Hello and thank you for agreeing to this interview. I’d firstly like to congratulate you on making such a moving work. When did you first become aware of the condition dealt with in the film?
Thank you so much. Well, I first knew something was wrong when I started my period when I was 14 years old. I didn’t come across the word vaginismus until I was in college. I had been going to lots of doctors who could tell me what it was or how to fix it, but I saw the word in a textbook and I just knew that’s what I had.
What was the writing process for the film like?
I first wrote the essay the film was based on and then adapted it into a screenplay.
The great thing about animation is that the only limitation is your imagination. A bird can turn into a boat which can turn into a rabbit. Sebastian Bisbal (animator/producer of Tightly Wound) had a huge role in writing the script. We would go to a coffee shop and just spitball our ideas to each other… “what if we use a metaphor of a train crashing into a tunnel?” “…and then the coil from the scene before becomes train tracks…” “then the coil wraps around her leg like this…” “and then her leg turns into a MOUNTAIN!” No idea was too crazy or too weird. And I have to give him credit for the scene where the doctors are on the factory line… that was his pure genius.
How would you say this film compares to other films you’ve directed?
This is by far the most personal film I’ve directed. I’ve never made a personal film or animated film before. However, I think it falls in line thematically with my other work. All my friends explore issues of gender and identity.
Why do you think that vaginismus isn’t talked about as much in film or the media as it should be?
I think most people just aren’t aware of it. We’ve been fed these myths that sex is “supposed to hurt” or that women don’t like sex, and then when we do go to the doctors, they tell us that our pain is all in our heads. There are some portrayals in the media – a character in Masters of Sex has it, but they treat it as a purely emotional condition. Code Black also has an episode, but the woman’s vagina clamps down on the man’s penis… which is NOT what happens with vaginismus. With vaginismus, a penis usually doesn’t make it into the vagina, and if it does, it’s painful for the woman, not the man.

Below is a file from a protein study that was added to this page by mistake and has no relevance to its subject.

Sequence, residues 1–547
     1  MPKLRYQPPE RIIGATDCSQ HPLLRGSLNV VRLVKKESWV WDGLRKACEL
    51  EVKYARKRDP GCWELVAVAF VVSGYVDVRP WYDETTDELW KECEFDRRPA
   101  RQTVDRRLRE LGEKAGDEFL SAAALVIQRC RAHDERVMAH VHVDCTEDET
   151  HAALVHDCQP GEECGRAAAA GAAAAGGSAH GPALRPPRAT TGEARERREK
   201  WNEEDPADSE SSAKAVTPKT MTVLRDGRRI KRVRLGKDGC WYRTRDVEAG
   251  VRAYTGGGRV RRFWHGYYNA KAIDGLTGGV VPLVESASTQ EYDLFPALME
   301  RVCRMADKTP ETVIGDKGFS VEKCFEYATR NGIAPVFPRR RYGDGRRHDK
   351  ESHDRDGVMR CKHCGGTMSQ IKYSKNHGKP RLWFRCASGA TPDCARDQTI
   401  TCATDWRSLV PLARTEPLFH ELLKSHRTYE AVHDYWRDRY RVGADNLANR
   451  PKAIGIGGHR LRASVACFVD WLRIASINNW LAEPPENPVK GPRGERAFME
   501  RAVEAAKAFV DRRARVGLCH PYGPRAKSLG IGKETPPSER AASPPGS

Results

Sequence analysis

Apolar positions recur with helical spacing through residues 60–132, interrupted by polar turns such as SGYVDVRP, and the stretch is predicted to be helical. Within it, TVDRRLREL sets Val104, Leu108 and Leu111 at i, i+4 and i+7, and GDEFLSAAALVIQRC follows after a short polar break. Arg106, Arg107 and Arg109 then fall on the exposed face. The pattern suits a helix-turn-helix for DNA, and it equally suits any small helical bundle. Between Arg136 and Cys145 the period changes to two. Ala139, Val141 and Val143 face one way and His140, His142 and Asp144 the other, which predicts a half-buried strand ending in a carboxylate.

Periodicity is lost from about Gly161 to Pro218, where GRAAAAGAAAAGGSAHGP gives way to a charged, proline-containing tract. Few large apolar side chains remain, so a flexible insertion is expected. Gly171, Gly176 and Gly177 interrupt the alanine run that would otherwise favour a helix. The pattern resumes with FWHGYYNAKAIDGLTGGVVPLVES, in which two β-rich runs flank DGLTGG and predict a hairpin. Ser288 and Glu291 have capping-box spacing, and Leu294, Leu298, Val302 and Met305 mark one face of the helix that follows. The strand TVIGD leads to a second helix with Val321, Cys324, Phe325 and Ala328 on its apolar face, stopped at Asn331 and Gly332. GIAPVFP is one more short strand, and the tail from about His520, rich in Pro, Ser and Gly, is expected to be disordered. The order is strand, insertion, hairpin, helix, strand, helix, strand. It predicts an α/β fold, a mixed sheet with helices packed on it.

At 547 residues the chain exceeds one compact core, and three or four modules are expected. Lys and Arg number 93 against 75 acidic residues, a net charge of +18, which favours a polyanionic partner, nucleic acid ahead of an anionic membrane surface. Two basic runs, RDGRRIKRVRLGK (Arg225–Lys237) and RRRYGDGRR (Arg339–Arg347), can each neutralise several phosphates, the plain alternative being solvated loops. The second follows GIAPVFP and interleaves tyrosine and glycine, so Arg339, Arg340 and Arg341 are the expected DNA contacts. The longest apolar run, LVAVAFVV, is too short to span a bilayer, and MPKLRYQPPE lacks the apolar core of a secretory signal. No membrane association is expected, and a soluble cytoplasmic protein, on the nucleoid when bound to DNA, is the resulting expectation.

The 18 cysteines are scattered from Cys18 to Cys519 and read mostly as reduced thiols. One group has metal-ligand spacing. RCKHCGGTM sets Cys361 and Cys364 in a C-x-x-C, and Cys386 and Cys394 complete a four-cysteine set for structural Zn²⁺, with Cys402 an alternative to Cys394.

What was the process of getting animators on board like – did you have a particular style of animation in mind for the film or did it evolve out of discussions with the animators?
There was only one animator on the film – Sebastian Bisbal. We were in the same cohort in University of Texas at Austin’s MFA in Film & Media program. I didn’t want to work with anyone else. At the point where I first spoke to him about the idea, I hadn’t really told many people about my vaginismus, so I wanted to work with someone who I already trusted.
We spent about a year watching movies, reading graphic novels, and pulling references. Sebastian drew my character over and over until we found a style we liked. We wanted the film to feel youthful, feminine, and inviting.
Did you always intend to tell this story in an animated format or had you considered telling it through other mediums?
I’d been wanting to make a film about vaginismus for a few years but couldn’t figure out how to make a traditional documentary about it. There are some videos out there with women talking about their experiences in interviews, but I wanted to tell a more visceral and visual story. However, these experiences physically and emotionally are very…internal. 2D animation allows for a more figurative representation of these experiences as well as provides a safe distance for audiences who are uncomfortable with the subject matter.
What message do you hope people will take away from the film?
I hope it teaches people about pelvic floor dysfunction and start conversations about women’s health, women’s pain, and our expectations around sex and dating.
What has reactions to the film been like?
For the most part, the film has had an overwhelming positive response, especially by people who are familiar with pelvic pain. I think there are so many people who need this film, since most of the narratives crafted around sex portray it as easy, fast, and fun, which is not everyone’s experience.
However, in a screening, I heard a a few women said it was disgusting, and a father definitely took his teenage daughter out of the theatre. Some people have also told me that they were very uncomfortable at the beginning, but settled into it by the end.
What future projects have you got planned?
Sebastian and I would really love to make two more animated shorts based on essays I wrote about my experiences related to vaginismus. One of them was recently published in Thought Catalogue: https://thoughtcatalog.com/shelby-hadden/2018/04/why-waiting-until-25-to-lose-my-virginity-was-the-best-decision-i-couldve-made/
With thanks to Shelby Hadden. You can read my review of Tightly Wound here.